Congressional leadership: An explainer on how power brokers are chosen


Voters directly elect representatives to serve in Congress, but the leaders of those 435 House members and 100 senators are chosen through an internal – and, for many Americans, largely opaque – process. Yet congressional leaders play a critical role in setting legislative agendas, wrangling votes, and communicating party priorities to the public.

The House has three main leadership roles: speaker, majority leader, and minority leader. The Senate has majority and minority leaders. In both chambers, the majority and minority whips also play an important, albeit secondary, role.

Why We Wrote This

American voters elect members of Congress, but House and Senate members choose their leaders. Understanding leadership roles and their powerful influence is part of informed citizenship.

For the upcoming Congress, the leaders and whips of both parties in both chambers have already been elected, by secret ballots.

The speaker vote is expected Jan. 3. California Rep. Kevin McCarthy, the Republican nominee, is still working to secure the necessary votes to win the gavel, and can only afford to lose a handful of Republicans.

The speaker of the House is particularly consequential because that person is the third most powerful leader in government after the president and vice president, notes Sara Angevine, an assistant professor of political science at Whittier College. “[Leadership] roles and the principles of deliberative democracy are very, very important for the entire electorate to be aware of.”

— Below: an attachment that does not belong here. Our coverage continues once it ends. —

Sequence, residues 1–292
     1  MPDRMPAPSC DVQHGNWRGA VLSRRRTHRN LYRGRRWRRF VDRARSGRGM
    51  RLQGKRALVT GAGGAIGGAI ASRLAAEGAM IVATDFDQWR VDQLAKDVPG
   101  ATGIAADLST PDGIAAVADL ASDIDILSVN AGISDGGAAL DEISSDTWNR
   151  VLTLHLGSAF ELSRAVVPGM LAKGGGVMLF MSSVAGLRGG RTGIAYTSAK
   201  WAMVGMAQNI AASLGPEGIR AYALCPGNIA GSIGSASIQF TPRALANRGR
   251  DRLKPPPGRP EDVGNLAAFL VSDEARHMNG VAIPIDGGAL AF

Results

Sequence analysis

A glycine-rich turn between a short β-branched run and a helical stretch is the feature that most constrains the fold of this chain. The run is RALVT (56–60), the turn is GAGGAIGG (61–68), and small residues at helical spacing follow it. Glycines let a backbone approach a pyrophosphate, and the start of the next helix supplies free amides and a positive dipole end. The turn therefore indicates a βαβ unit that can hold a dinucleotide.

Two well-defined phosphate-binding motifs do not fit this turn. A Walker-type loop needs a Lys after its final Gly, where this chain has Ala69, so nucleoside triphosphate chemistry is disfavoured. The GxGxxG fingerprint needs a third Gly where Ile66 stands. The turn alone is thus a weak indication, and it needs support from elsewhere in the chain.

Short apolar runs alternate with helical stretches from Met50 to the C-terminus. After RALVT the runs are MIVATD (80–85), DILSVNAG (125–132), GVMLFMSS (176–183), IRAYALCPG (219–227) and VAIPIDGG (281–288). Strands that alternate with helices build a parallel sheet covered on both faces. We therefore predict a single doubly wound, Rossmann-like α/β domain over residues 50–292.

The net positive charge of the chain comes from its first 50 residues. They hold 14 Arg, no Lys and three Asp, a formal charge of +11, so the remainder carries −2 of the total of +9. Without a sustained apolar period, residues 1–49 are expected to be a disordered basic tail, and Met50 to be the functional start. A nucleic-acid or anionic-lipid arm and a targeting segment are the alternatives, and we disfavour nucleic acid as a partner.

Voters directly elect representatives to serve in Congress, but the leaders of those 435 House members and 100 senators are chosen through an internal – and, for many Americans, largely opaque – process.

Yet congressional leaders play a critical role in setting legislative agendas, wrangling votes, and communicating party priorities to the public.

The House has three main leadership roles: speaker, majority leader, and minority leader. The Senate has majority and minority leaders. In both chambers, the majority and minority whips also play an important, albeit secondary, role.

Why We Wrote This

American voters elect members of Congress, but House and Senate members choose their leaders. Understanding leadership roles and their powerful influence is part of informed citizenship.

What do congressional leaders actually do?

The speaker of the House – currently Democratic Rep. Nancy Pelosi of California – is the most powerful member of that chamber, controlling everything from what legislation makes it onto the House floor for consideration to who sits on what committee. The speaker is also second in line of succession for the presidency, after the vice president.

The majority leader, the speaker’s right hand, tracks the maneuvering of the minority party and handles the day-to-day details of floor proceedings.



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